There’s a tradition in Spanish culture to eat twelve grapes for the last twelve seconds of the year. It’s a fun way to end the year. Each grape is supposed to represent a month of the coming year, and this tradition is supposed to bring you luck. As I crammed the last grape into my mouth, I thought about my resolution. I decided to do more exercise (by far the most popular resolution). The very next day I set about this journey, found a random workout video online, and decided to try it out. It felt fine, and I was confident I’d be able to stay true to the resolution. The next day, however, I could not move my arms. They were perpetually stuck in a lego-like, bent at the elbow, position. I’m starting writing this story on January 5th, and I have yet to regain full mobility of my appendages. After my failed first shot at new year’s resolution (which I am intending to keep until past February), I thought it’d be interesting to go around and ask people what their resolutions are; it might give you some ideas too (and no it’s not too late to make one). So here are Rowland Hall’s top resolutions for 2023, and some not-so-common ones too:
Be more present and in the moment.
Sell my uterus on the black market. (I think this was a joke.)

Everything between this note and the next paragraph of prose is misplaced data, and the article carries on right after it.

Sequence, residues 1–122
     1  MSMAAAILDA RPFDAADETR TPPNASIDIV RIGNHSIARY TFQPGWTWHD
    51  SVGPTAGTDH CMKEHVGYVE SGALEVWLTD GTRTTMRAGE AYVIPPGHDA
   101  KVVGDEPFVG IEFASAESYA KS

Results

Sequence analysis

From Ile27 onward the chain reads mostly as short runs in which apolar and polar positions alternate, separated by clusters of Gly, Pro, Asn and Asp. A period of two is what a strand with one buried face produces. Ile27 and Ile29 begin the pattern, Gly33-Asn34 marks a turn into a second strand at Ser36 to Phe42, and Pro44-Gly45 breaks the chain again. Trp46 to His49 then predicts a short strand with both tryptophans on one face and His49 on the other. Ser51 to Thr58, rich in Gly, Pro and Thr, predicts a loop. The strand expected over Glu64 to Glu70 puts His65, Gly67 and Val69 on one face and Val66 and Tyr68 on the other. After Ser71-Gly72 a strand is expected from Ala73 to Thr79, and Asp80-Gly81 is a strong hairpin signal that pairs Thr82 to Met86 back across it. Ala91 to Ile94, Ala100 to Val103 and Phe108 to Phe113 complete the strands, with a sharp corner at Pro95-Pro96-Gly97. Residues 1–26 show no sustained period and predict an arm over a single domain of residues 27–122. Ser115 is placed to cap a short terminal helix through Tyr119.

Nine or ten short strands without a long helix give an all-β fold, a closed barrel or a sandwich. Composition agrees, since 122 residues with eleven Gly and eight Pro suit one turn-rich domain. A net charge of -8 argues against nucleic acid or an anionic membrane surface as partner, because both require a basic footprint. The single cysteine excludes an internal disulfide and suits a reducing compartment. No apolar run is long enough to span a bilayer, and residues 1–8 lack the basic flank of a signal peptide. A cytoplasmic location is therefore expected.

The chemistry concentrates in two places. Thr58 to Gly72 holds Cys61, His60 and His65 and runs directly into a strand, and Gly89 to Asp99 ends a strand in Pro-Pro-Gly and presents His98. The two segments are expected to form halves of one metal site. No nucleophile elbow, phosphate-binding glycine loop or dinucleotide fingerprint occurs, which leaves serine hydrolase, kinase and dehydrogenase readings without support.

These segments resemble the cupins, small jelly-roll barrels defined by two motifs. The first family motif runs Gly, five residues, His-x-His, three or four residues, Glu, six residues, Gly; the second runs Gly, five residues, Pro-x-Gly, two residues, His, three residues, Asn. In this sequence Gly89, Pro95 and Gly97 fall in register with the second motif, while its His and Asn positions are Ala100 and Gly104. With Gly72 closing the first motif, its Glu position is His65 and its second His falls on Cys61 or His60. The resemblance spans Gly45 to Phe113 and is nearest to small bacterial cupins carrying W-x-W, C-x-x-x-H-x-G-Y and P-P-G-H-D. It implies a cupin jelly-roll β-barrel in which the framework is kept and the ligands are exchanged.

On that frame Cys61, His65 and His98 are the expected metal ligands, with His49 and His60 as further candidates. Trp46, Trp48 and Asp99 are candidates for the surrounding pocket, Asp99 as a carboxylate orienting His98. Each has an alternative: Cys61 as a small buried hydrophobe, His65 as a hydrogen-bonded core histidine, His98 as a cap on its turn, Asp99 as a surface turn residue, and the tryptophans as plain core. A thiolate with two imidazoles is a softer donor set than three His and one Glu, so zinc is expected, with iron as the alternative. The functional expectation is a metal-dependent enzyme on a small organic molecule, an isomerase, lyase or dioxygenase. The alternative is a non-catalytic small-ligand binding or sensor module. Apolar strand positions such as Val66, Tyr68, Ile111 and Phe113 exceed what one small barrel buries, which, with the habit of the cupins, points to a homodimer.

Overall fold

To not make a resolution.
Digital diet (work and non-work).
Take more vacation days.
Eat more orange things.
Work out less.
Feel free to take up any of these or make up your own.
Now that you have a resolution, you need to keep it. The best thing you can do to make your resolution last past February is to take small steps.
If you want to use your phone less, start by reducing your screen time by 10 minutes a day. If you want to eat less sugar, limit yourself to one substantial sugar intake a day, and then cut back on that time. Taking on too much too quickly isn’t ideal, and it may discourage you from keeping your resolution. If you’re trying to break a habit, remember that it’ll take time. If you bite your nails, you’ve probably been developing this habit for years, and it’ll likely take a while to fix it.
Think of a bottle of honey as a microcosm for new years resolutions. Your resolution is the act of turning the bottle over. Work is the gravity that makes the amber liquid flow down the sides of the bottle. After some patience and some shaking, the honey comes out of the bottle, signifying a satisfying ending to a long journey.
Basically, it means you should take it slow and wait for the results.
We as a culture tend to give up quickly; we just have it too easy. You don’t want to work out? Talk to your plastic surgeon. You don’t want to eat healthier? Just talk to your dietician. We tend to leave things in the control of others. That’s why it’s so important to keep a resolution. It’s your own motivation versus the thousands of distractions that could keep you from your goal. It’s you versus the world. If you can keep a new year’s resolution for a whole year, you can do anything. So as you’re eating those twelve grapes (which I think everyone should do on New Year’s Eve), think about the ways in which you’re going to seize your future; and make sure not to choke on the grapes.